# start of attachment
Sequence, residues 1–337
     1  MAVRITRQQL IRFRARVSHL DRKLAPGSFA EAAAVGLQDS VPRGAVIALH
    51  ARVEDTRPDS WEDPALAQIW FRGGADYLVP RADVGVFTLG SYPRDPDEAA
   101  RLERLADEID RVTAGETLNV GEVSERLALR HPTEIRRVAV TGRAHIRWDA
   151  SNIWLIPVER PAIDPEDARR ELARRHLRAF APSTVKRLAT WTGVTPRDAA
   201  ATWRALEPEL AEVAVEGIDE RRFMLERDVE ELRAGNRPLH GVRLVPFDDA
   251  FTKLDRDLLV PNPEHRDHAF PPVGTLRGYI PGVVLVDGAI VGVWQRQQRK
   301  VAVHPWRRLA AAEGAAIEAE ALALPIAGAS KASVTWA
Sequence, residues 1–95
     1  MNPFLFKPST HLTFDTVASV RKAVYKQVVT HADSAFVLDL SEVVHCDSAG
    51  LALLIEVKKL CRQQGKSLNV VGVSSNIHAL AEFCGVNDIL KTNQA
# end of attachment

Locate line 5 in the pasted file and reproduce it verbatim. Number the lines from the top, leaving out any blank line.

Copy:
   151  SNIWLIPVER PAIDPEDARR ELARRHLRAF APSTVKRLAT WTGVTPRDAA